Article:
"By The Balls" and "Play Me Like A Rhythm" are the two stand out tracks and rival anything Whiteman's previous band put out. Of course the album doesn't end with those two songs, "Hot On Your Heels", "Big Bang Boom", "Weeds And Roses" and "About Women" all display the same brand of go-for-the-throat rock 'n' roll. Only once does the band ease up, and that is for the "Thousand Thank Yous" ballad, the only song on the CD that I could live without.

If you close your eyes and listen to this CD you would swear that you are enjoying a long lost KIX album, and that is a great feeling. It looks like all it took to kick Funny Money from great to extraordinary was the return of a couple names from the past. It's a good thing I didn't receive this release until a few days ago, or my end of the year list would have been even harder to compile!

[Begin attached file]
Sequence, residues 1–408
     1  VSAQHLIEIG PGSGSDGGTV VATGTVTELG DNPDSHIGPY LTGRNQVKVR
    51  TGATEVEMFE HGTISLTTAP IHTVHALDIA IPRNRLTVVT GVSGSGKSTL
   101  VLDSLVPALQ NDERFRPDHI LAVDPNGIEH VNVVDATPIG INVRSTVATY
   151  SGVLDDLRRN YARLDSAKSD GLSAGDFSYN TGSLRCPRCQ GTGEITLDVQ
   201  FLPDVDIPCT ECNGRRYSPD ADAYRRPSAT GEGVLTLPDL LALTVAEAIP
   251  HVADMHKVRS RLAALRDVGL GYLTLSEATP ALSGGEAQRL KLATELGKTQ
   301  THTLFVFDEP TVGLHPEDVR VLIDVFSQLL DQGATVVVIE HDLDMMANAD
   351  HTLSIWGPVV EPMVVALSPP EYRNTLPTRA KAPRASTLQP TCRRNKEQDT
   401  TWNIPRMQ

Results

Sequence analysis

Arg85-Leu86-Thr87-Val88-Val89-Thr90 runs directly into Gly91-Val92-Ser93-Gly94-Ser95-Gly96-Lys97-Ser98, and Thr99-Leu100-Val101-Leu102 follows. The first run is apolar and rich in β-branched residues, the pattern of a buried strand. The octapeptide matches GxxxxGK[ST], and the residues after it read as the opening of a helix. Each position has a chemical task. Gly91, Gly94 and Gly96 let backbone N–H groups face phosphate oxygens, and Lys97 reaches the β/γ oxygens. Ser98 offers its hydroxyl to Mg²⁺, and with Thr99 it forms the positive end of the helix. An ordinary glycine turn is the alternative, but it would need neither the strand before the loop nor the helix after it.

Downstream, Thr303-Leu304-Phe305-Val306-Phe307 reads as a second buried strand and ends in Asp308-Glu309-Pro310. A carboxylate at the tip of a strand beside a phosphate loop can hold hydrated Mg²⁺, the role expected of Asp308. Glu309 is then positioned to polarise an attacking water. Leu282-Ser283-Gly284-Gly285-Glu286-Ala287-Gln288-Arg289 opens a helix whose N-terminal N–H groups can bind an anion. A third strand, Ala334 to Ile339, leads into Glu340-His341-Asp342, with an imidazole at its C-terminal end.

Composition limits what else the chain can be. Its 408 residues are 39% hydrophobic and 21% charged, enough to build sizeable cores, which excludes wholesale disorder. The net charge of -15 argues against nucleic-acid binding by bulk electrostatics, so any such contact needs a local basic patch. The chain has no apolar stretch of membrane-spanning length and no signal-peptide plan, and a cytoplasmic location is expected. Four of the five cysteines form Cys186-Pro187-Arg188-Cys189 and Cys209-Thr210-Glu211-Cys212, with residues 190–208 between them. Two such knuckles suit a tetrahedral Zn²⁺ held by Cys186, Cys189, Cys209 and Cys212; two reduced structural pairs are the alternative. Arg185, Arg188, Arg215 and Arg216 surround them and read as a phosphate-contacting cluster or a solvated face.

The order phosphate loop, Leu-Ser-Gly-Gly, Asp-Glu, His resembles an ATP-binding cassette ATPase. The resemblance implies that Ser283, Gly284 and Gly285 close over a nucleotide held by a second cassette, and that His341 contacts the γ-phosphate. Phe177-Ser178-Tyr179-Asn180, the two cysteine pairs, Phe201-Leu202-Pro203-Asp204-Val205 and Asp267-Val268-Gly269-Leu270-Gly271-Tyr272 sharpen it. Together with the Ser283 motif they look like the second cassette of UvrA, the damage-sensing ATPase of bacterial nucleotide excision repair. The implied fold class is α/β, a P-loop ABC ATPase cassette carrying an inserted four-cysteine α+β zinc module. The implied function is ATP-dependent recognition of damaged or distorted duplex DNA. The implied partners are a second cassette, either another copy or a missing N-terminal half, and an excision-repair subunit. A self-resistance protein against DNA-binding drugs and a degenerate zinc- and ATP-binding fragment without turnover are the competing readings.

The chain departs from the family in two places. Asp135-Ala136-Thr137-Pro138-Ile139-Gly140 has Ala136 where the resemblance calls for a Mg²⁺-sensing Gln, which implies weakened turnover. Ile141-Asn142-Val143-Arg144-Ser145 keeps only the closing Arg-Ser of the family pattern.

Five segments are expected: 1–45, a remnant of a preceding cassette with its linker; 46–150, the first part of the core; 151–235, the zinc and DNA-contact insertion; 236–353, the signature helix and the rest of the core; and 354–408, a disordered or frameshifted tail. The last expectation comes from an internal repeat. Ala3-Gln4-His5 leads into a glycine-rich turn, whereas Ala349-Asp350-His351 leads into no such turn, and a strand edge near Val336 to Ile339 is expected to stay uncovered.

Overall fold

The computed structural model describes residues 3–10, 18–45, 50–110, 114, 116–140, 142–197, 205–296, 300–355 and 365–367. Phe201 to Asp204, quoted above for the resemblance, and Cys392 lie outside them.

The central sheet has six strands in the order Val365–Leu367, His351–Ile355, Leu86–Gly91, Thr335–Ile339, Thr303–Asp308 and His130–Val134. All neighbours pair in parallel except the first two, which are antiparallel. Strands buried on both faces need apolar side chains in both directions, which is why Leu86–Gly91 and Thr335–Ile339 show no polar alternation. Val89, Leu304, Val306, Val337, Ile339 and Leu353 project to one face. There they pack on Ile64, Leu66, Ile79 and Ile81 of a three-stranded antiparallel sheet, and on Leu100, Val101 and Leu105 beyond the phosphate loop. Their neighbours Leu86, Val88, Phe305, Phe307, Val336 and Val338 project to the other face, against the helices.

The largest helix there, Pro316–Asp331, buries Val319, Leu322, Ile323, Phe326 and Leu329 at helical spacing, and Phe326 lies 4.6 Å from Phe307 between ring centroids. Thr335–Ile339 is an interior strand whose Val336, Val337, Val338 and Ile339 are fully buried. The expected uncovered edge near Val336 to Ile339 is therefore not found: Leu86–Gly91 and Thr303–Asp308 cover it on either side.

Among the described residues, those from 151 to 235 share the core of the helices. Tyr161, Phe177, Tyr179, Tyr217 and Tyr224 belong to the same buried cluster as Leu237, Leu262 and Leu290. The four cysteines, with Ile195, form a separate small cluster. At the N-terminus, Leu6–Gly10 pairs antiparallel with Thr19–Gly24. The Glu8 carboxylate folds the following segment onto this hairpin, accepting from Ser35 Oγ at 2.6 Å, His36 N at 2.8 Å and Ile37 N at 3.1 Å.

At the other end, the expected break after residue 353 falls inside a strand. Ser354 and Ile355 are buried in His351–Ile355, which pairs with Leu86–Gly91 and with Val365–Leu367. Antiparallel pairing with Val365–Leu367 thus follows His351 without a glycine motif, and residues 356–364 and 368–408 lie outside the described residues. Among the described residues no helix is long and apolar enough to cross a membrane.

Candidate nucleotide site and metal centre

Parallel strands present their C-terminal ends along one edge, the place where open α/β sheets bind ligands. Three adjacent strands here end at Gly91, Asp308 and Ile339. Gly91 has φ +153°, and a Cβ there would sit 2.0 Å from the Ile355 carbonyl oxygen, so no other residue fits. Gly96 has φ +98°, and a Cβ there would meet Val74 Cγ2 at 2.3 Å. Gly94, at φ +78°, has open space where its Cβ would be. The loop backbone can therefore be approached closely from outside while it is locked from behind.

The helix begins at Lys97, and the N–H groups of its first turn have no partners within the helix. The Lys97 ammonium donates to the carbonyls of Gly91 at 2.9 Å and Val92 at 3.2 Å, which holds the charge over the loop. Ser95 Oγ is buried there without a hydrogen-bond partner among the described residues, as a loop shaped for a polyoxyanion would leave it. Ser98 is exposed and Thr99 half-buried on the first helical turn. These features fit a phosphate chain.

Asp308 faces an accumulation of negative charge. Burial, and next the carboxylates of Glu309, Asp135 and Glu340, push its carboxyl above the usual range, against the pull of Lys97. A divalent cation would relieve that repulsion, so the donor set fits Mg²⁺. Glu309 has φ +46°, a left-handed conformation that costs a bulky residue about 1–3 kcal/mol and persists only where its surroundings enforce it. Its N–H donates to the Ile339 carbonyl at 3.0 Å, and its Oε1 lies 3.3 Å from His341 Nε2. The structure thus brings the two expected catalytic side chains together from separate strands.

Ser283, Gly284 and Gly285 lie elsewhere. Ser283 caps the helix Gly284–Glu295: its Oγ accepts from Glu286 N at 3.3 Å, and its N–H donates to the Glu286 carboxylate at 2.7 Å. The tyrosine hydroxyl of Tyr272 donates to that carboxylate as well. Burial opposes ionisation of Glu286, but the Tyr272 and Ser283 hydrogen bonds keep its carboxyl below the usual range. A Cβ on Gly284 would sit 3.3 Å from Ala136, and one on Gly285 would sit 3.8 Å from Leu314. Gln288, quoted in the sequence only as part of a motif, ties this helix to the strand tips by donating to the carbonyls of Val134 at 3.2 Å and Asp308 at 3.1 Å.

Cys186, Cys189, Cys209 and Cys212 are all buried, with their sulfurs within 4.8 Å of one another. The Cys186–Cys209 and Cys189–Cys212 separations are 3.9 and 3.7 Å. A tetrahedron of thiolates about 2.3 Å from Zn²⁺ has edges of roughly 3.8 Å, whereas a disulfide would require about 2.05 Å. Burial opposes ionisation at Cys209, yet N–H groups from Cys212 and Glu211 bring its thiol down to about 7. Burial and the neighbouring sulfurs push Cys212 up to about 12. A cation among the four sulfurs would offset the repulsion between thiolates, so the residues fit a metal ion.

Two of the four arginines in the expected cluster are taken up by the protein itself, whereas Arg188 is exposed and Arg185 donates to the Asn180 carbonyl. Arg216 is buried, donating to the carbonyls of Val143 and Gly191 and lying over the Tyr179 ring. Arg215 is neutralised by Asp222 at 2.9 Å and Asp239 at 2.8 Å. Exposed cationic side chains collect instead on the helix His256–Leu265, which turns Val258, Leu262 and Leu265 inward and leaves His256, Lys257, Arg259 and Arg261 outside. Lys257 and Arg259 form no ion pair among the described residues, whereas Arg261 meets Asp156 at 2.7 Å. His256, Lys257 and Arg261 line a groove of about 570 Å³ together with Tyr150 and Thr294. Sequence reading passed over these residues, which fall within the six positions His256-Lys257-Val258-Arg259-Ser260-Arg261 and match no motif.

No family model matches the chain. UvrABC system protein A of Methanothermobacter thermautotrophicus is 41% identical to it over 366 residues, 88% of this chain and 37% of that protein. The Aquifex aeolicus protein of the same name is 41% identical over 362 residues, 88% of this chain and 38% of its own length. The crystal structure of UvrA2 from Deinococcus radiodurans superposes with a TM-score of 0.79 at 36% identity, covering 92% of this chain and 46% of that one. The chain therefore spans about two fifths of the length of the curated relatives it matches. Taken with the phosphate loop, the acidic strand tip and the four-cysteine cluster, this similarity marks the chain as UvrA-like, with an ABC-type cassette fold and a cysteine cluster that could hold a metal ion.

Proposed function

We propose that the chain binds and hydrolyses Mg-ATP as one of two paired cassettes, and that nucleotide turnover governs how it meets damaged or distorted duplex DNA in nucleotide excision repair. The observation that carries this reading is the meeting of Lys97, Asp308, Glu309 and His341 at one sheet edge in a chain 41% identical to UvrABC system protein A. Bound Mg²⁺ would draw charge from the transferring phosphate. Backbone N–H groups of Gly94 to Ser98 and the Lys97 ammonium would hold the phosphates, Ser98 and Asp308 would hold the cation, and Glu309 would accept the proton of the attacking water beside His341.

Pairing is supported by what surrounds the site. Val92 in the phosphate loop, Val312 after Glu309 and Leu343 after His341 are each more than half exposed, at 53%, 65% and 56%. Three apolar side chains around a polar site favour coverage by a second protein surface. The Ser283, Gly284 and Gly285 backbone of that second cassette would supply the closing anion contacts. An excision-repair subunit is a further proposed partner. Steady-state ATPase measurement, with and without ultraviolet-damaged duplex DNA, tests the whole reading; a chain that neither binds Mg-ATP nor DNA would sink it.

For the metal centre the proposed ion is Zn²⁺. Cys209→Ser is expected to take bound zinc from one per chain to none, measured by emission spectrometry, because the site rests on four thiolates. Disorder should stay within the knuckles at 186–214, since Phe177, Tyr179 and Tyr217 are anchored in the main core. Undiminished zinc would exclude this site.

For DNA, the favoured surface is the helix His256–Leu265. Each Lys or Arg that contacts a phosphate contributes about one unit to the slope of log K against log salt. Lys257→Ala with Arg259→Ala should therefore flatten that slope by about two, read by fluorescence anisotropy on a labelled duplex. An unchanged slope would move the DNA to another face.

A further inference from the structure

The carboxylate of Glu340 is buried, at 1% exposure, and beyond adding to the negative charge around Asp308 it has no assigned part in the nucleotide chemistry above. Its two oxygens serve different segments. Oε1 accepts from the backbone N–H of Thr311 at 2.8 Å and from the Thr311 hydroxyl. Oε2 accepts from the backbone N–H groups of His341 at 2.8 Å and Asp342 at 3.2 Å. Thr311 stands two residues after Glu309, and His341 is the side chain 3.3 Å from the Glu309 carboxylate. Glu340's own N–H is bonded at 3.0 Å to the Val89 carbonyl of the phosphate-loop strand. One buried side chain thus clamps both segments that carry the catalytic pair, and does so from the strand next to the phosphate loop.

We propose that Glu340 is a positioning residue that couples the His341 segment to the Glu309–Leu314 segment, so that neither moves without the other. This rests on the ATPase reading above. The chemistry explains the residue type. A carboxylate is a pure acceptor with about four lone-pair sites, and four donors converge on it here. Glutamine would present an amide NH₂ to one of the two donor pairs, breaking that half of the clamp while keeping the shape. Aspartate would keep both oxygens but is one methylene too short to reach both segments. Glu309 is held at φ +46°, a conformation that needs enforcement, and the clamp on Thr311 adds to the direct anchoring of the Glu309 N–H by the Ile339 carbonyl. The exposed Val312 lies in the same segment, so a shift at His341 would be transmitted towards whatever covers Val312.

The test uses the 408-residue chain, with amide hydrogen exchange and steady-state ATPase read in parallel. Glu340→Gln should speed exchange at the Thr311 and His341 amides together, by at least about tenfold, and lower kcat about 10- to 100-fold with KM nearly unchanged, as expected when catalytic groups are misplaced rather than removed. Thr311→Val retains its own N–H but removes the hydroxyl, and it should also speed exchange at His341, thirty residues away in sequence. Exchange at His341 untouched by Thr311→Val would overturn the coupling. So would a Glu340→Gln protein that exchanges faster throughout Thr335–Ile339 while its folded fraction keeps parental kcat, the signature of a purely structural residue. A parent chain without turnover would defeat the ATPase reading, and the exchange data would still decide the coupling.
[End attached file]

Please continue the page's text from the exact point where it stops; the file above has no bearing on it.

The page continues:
Reviewed by Skid for Sleaze Roxx, January 2007. -


"Stick It!" LP 2006, produced by Mark Schenker, mixed by Beau Hill
"Back Again/Even Better Live Reissue" LP 2004
"Skin to Skin" LP 2003, produced by Mark Schenker
"Even Better Live" LP 2001, produced by Billy Andrews
"Back Again" LP 1999, produced by Billy Andrews
"Funny Money" LP 1997 produced by Billy Andrews

* "About Women" from "Stick It!" was #5 on WQCM FM for issue 1694 and was in the top 10 for 19 weeks since mid-December '06.

* "By The Balls" was added to over 90 FM Hard Rock radio stations nationwide week of 3/19/07.

* "Stick It!" stuck on the "Top Selling This Week" list on for three months after its release on Dec 1st '06 and remains high on the list of top selling CD's on

* "Stick It!" was the #2 album on for CMJ NMR issue #995

* "By The Balls" from "Stick It!" is prominently featured in a greater mid-atlantic regional television and radio ad campaign for Champions Billiards.